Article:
A pilot study of cranial electrotherapy stimulation for generalized anxiety disorder
Bystritsky, A., Kerwin, L., Feusner, J., A pilot study of cranial electrotherapy stimulation for generalized anxiety disorder. Journal of Clinical Psychiatry, 69:412-417, 2008. Download Article
To evaluate the effect of a specified treatment course with CES on the anxiety and depression levels in general anxiety disorder (GAD) patients.
An IRB approved 6 week open label study. Baseline measurements were done just prior to the first CES treatment and outcome variables measurements were done at endpoint of study right after the final CES treatment.
Primary Effectiveness Endpoint
The primary outcomes endpoint was the change from baseline to endpoint of the 6 week study on the Hamilton Anxiety Scale (HAM-A) and Clinical Global Impression-Improvement Scale (CGI-I).
Secondary Outcomes Measures
The secondary outcomes endpoint was the change from baseline to endpoint of the 6 week study on the Four-Dimensional Anxiety and Depression Scale – Anxiety subscale (FDADS-A), and Hamilton Depression Scale17 (HAM-D17).
Key Inclusion Criteria
• Male or female outpatients age 18-64 years who had a current diagnosis of GAD.
• Mini-International Neuropsychiatric Interview (MINI) was conducted at screening to confirm GAD diagnosis.
• Must have a score of > 16 on the HAM-A and a score 20) so as to include milder and more numerous cases of GAD in order to improve the generalizability of these results to clinical practice.
Key Exclusion Criteria
• Has a primary diagnosis meeting DSM-IV criteria for any Axis I disorder other than GAD.
• Met DSM-IV criteria for mental retardation or any pervasive developmental disorder or had a neurologic impairment.
• Has a current diagnosis or recent (6-month) history of drug or alcohol dependence or abuse.
• Has current suicidal ideation and/or history of suicide attempt.
• Has any personality disorder of sufficient severity to interfere with participation in the study.
• Has presence or history of a medical disease that might put the patient at risk or compromise the study.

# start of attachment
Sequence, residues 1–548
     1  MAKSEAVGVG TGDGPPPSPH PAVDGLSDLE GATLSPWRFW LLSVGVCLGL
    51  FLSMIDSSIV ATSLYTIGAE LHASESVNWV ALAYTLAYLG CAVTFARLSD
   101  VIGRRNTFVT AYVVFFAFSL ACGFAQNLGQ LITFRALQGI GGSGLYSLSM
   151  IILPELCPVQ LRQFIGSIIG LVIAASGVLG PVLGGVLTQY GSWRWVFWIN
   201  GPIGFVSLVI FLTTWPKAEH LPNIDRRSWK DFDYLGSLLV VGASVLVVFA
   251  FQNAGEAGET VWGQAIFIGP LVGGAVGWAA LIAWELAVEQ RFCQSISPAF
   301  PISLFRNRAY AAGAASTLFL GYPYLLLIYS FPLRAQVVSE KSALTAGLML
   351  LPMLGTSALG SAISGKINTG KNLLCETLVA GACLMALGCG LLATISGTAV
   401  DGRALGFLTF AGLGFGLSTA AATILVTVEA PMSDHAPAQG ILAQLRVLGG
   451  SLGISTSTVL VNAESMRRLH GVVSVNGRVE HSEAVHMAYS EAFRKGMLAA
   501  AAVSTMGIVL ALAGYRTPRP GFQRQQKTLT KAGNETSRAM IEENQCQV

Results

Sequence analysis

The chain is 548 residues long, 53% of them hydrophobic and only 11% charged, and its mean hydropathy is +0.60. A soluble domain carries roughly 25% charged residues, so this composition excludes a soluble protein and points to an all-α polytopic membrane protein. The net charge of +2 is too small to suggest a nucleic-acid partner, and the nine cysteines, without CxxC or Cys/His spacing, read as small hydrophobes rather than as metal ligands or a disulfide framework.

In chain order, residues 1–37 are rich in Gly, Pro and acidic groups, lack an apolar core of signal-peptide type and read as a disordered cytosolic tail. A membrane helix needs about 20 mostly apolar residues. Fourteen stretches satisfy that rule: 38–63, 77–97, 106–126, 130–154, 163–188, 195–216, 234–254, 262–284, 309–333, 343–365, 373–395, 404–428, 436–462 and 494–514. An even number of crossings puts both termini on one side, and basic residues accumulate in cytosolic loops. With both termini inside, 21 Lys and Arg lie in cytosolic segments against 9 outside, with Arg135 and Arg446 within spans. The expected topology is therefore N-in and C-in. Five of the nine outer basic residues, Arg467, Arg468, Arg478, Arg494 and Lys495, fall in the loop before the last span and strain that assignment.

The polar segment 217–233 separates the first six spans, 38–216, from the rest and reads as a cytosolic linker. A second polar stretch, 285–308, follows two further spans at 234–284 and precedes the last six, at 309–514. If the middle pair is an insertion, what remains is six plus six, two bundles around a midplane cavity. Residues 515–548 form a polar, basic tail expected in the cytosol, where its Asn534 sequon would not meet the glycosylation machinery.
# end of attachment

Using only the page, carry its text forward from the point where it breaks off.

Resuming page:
• Pregnant or breastfeeding women and those of childbearing potential who were not practicing a reliable form of contraception.
Baseline measures were done, prior to start of treatment period, and outcomes measures were done at end point of study, 6 weeks. No change was made in the medical management of the patients during the study. After instruction on how to use the CES device, participants subsequently self-administered CES at home for 60 consecutive minutes each day between the hours of 3:00 PM and 7:00 PM for a total of 6 weeks. Subjects recorded each treatment session in daily treatment logs, which were reviewed at 3 weeks and 6 weeks study visits. All subjects chose 300 µA as their preferred level of current. Those treated with benzodiazepines (alprazolam and lorazepam) took them on an as-needed basis no more than twice per week.
Pre-specified Measures of Success
Response to treatment was defined as a reduction of 50% or more on the HAM-A and a CGI-I score of 1 or 2 (very much improved or much improved, respectively).
The Hamilton Anxiety Rating Scale was used to measure the severity of anxiety symptoms and to identify the response to CES. It has established reliability and validity in the literature (Maier et al., 1988). The Hamilton Depression Rating Scale17 (HAM-D17) was used to measure the severity of depression symptoms and identify the response to CES. It is has established reliability and validity in the literature (Cusin et al., 2009). The Clinical Global Impressions Improvement Scale (CGI-I) was used to measure subjects’ response to CES treatment (Guy, 2000). The Four-Dimensional Anxiety and Depression scale was used to measure anxiety (Bystritsky et al., 1996). All scales have established reliability and validity.